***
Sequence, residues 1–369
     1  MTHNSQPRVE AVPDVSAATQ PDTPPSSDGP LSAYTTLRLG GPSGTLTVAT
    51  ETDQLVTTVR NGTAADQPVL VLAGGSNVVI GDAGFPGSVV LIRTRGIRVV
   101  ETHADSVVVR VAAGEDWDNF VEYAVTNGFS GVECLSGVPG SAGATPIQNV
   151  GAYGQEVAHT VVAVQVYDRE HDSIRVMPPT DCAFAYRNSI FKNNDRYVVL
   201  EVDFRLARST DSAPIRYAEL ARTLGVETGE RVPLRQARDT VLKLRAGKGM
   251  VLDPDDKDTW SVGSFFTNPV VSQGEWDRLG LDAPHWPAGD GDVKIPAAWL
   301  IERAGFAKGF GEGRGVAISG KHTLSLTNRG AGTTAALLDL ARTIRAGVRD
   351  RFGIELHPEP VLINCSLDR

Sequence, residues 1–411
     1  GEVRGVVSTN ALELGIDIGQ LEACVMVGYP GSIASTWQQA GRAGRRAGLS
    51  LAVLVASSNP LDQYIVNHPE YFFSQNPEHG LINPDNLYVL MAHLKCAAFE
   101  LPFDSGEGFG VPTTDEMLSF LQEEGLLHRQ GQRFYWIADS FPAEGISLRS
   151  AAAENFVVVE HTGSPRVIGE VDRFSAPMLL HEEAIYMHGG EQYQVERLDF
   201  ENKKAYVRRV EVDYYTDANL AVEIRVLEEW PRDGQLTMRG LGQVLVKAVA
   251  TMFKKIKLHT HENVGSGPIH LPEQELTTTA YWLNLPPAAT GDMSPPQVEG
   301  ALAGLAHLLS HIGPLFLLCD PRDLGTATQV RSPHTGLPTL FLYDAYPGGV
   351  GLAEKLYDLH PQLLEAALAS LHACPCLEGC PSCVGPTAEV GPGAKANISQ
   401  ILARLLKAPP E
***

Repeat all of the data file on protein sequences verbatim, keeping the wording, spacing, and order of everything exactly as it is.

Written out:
Sequence, residues 1–369
     1  MTHNSQPRVE AVPDVSAATQ PDTPPSSDGP LSAYTTLRLG GPSGTLTVAT
    51  ETDQLVTTVR NGTAADQPVL VLAGGSNVVI GDAGFPGSVV LIRTRGIRVV
   101  ETHADSVVVR VAAGEDWDNF VEYAVTNGFS GVECLSGVPG SAGATPIQNV
   151  GAYGQEVAHT VVAVQVYDRE HDSIRVMPPT DCAFAYRNSI FKNNDRYVVL
   201  EVDFRLARST DSAPIRYAEL ARTLGVETGE RVPLRQARDT VLKLRAGKGM
   251  VLDPDDKDTW SVGSFFTNPV VSQGEWDRLG LDAPHWPAGD GDVKIPAAWL
   301  IERAGFAKGF GEGRGVAISG KHTLSLTNRG AGTTAALLDL ARTIRAGVRD
   351  RFGIELHPEP VLINCSLDR

Sequence, residues 1–411
     1  GEVRGVVSTN ALELGIDIGQ LEACVMVGYP GSIASTWQQA GRAGRRAGLS
    51  LAVLVASSNP LDQYIVNHPE YFFSQNPEHG LINPDNLYVL MAHLKCAAFE
   101  LPFDSGEGFG VPTTDEMLSF LQEEGLLHRQ GQRFYWIADS FPAEGISLRS
   151  AAAENFVVVE HTGSPRVIGE VDRFSAPMLL HEEAIYMHGG EQYQVERLDF
   201  ENKKAYVRRV EVDYYTDANL AVEIRVLEEW PRDGQLTMRG LGQVLVKAVA
   251  TMFKKIKLHT HENVGSGPIH LPEQELTTTA YWLNLPPAAT GDMSPPQVEG
   301  ALAGLAHLLS HIGPLFLLCD PRDLGTATQV RSPHTGLPTL FLYDAYPGGV
   351  GLAEKLYDLH PQLLEAALAS LHACPCLEGC PSCVGPTAEV GPGAKANISQ
   401  ILARLLKAPP E